Developed by:Frictional Games Published by:Frictional Games Genre(s):
  • Survival Horror
  • Platform:
  • Microsoft
  • PC
  • Sony
  • Cost:$29.99 ESRB Rating:MATURE Players:1 Release date:September 22, 2015 Reviewed on:PC


    Having a proven track record can be beneficial for a developer. I mean, selling a new IP is made easier with a “made by the developers of so and so” tag line. This is especially true for Frictional Games, who are known for single handily rejuvenated the survival horror genre by creating new industry staples – all with one game…

    Amnesia: The Dark Decent changed the rules; elements like the first person view and inability to defend yourself have replaced static camera angles and the limited ammo of yesteryear. Most importantly, it brought back the fear. Gamers were genuinely afraid to venture into the depths of the Brennenburg castle. Fast forward five years later – past an interesting sequel made by another developer – and we’re presented with Frictional’s newest game, SOMA. It tells the tale of one Mr. Simon Jerrett, the survivor of a horrible car accident who suffers from cranial bleeding. Due to the grim realization that he only has a few months to live, Simon agrees to an experimental brain scan that could better his condition. Unfortunately, when he wakes up from the scan, he is in a different place. A dark, dreary research facility located somewhere under the sea.

    I don’t want to go too far past that point in the story, as I’d be entering spoiler territory. And as these types of games go, the mystery of what happened to who is a major draw. Aside from the thrill that comes from surviving in an environment where death literally shambles down the corridors, just waiting to bump into our hero. I can however, talk about a certain theme presented throughout the story that deals with what it means to be human or at the very least alive. Encountering a being that swears it’s human while missing certain humanistic features (like flesh and bones) is a certainly an odd experience. Things get downright disturbing when such a being ends up suffering due to their proximity to Simon’s current objective. Was it really human…maybe at one point in time? Did it have real feelings or just simulated emotions? Was it even alive? These are questions that’ll pop in Simon’s/your head hours after their screams have faded into the ether.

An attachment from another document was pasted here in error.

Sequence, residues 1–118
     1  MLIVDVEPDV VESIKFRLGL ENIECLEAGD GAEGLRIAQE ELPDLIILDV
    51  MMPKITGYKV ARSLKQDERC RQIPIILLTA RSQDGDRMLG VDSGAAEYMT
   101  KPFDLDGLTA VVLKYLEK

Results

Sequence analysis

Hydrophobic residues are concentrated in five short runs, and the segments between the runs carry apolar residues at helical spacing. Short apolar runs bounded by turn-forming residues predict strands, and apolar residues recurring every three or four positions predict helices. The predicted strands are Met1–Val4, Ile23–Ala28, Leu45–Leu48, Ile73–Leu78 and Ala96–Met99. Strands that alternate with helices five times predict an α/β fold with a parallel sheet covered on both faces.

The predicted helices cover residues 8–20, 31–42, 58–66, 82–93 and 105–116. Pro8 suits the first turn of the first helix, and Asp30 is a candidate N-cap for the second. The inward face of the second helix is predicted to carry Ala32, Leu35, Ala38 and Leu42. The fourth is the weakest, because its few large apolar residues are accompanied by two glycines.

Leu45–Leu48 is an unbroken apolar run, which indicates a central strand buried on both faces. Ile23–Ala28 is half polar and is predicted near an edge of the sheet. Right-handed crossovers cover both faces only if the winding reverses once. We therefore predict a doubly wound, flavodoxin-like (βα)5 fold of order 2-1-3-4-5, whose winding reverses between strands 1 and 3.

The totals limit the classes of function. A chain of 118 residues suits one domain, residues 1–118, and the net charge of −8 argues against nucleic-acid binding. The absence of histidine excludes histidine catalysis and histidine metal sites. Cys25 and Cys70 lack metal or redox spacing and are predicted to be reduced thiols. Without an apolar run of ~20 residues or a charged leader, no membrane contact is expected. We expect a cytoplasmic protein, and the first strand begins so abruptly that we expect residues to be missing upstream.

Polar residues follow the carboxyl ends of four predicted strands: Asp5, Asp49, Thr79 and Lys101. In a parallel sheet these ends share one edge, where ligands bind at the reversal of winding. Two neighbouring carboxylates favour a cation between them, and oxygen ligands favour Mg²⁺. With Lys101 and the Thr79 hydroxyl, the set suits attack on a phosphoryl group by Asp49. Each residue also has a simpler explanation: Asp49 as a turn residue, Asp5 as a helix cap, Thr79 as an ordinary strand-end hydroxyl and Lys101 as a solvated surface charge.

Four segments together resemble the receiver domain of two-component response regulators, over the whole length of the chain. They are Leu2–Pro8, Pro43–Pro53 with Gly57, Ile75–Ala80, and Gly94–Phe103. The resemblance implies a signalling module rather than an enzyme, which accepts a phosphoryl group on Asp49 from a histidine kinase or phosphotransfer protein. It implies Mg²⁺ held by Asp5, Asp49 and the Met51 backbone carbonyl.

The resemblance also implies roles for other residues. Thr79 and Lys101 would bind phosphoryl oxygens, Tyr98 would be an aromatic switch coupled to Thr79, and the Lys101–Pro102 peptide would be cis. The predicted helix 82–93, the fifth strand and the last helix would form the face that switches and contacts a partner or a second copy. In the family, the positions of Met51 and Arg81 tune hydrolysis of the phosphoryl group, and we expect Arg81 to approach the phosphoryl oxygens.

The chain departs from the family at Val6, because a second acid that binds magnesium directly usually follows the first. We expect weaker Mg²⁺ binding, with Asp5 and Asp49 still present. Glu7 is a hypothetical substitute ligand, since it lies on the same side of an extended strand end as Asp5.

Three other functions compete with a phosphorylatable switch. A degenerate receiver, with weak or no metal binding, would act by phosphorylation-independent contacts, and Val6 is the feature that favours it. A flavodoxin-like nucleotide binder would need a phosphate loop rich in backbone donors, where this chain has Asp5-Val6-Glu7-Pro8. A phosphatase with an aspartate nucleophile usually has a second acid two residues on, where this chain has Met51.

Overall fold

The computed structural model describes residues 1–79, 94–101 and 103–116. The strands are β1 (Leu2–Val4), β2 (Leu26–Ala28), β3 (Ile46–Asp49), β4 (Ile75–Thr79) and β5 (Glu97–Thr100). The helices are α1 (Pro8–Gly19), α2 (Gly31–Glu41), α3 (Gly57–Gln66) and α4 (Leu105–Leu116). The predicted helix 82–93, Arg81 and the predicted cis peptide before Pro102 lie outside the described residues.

Self-awareness – what is or isn’t alive isn’t only reserved for the random “people” Simon finds along the way. Because he’s in an unfamiliar place, he has a hard time with his own identity. How is it that he’s come to a place like this and why does he not recognize any of the instruments strewn about the labs? Just the opening of doors proves to be tricky at first. It’s like he’s Dorothy except this isn’t Oz and he isn’t dreaming. What’s worse is that there are frightful creatures that seem to be hunting him. He can’t trust that they’d have positive intentions, not with all of the bodies he’s had to step over. That said, there is something eerily familiar about them…